Did You Know...
New land development can increase flood risk.
Health and Safety
Find out how to care for your safety after a disaster
Your first concern after a disaster is your family’s health and safety. You need to consider possible safety issues and monitor family health and well-being.
Aiding the Injured
Check for injuries. Do not attempt to move seriously injured persons unless they are in immediate danger of death or further injury. If you must move an unconscious person, first stabilize the neck and back, then call for help immediately.
- If the victim is not breathing, carefully position the victim for artificial respiration, clear the airway, and commence mouth-to-mouth resuscitation.
- Maintain body temperature with blankets. Be sure the victim does not become overheated.
- Never try to feed liquids to an unconscious person.
- Be aware of exhaustion. Don’t try to do too much at once. Set priorities and pace yourself. Get enough rest.
- Drink plenty of clean water.. Eat well.. Wear sturdy work boots and gloves.
- Wash your hands thoroughly with soap and clean water often when working in debris.
- Be aware of new safety issues created by the disaster. Watch for washed out roads, contaminated buildings, contaminated water, gas leaks, broken glass, damaged electrical wiring, and slippery floors.
- Inform local authorities about health and safety issues, including chemical spills, downed power lines, washed out roads, smoldering insulation, and dead animals.
Coping with Disaster
The emotional toll that disaster brings can sometimes be even more devastating than the financial strains of damage and loss of home, business, or personal property.
Understand Disaster Events
- Everyone who sees or experiences a disaster is affected by it in some way.
- It is normal to feel anxious about your own safety and that of your family and close friends.
- Profound sadness, grief, and anger are normal reactions to an abnormal event.
- Acknowledging your feelings helps you recover.
- Focusing on your strengths and abilities helps you heal.
- Accepting help from community programs and resources is healthy.
- Everyone has different needs and different ways of coping.
- It is common to want to strike back at people who have caused great pain.
Children and older adults are of special concern in the aftermath of disasters. Even individuals who experience a disaster “second hand” through exposure to extensive media coverage can be affected.
Contact local faith-based organizations, voluntary agencies, or professional counselors for counseling. Additionally, FEMA and state and local governments of the affected area may provide crisis counseling assistance.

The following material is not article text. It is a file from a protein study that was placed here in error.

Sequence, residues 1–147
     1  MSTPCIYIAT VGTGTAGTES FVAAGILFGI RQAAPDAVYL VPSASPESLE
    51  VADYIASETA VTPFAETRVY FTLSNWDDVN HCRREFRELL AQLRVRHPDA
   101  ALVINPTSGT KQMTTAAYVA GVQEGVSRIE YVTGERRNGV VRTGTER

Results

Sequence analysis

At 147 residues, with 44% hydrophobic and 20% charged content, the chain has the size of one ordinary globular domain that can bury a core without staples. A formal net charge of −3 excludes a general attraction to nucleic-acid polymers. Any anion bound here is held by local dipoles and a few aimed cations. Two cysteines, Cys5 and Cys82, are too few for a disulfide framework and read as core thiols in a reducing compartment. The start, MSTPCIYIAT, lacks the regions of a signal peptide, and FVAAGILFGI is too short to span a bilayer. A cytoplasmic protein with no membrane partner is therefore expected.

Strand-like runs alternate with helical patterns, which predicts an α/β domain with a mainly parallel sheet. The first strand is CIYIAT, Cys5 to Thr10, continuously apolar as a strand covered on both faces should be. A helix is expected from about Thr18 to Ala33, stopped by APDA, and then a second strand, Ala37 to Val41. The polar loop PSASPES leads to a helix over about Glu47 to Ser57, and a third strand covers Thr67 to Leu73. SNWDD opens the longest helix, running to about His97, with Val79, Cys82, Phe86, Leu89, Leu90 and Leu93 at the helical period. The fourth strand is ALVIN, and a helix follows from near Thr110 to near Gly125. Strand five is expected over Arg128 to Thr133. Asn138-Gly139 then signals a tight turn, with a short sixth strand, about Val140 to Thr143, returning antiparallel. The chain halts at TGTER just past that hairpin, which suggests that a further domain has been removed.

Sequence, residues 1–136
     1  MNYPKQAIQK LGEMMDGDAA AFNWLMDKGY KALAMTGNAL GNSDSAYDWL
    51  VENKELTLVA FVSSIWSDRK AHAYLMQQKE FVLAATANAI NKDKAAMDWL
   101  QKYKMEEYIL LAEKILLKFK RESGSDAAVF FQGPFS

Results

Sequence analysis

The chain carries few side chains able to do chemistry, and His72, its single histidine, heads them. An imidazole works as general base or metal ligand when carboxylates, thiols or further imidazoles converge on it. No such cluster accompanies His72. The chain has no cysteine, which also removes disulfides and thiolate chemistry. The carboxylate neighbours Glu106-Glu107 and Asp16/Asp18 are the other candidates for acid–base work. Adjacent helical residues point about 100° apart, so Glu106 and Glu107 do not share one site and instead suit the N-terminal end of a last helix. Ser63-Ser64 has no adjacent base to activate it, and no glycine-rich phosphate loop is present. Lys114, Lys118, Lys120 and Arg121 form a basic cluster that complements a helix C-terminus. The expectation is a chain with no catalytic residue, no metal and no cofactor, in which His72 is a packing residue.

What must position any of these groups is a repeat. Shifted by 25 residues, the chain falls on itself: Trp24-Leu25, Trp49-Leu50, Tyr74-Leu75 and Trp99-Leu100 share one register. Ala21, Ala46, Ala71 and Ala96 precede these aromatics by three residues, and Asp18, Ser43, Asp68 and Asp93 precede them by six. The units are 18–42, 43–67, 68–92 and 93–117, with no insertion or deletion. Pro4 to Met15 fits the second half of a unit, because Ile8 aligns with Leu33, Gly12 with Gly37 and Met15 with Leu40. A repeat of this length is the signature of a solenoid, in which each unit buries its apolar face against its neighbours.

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Recognize Signs of Disaster Related Stress
When adults have the following signs, they might need crisis counseling or stress management assistance:
- Difficulty communicating thoughts.
- Difficulty sleeping.
- Difficulty maintaining balance in their lives.
- Low threshold of frustration.
- Increased use of drugs/alcohol.
- Limited attention span.
- Poor work performance.
- Headaches/stomach problems.
- Tunnel vision/muffled hearing.
- Colds or flu-like symptoms.
- Disorientation or confusion.
- Difficulty concentrating.
- Reluctance to leave home.
- Depression, sadness.
- Feelings of hopelessness.
- Mood-swings and easy bouts of crying.
- Overwhelming guilt and self-doubt.
- Fear of crowds, strangers, or being alone.
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Easing Disaster-Related Stress
The following are ways to ease disaster-related stress:
- Talk with someone about your feelings - anger, sorrow, and other emotions - even though it may be difficult.
- Seek help from professional counselors who deal with post-disaster stress.
- Do not hold yourself responsible for the disastrous event or be frustrated because you feel you cannot help directly in the rescue work.
- Take steps to promote your own physical and emotional healing by healthy eating, rest, exercise, relaxation, and meditation.
- Maintain a normal family and daily routine, limiting demanding responsibilities on yourself and your family.
- Spend time with family and friends.
- Participate in memorials.
- Use existing support groups of family, friends, and religious institutions.
- Ensure you are ready for future events by restocking your disaster supplies kits and updating your family disaster plan. Doing these positive actions can be comforting.
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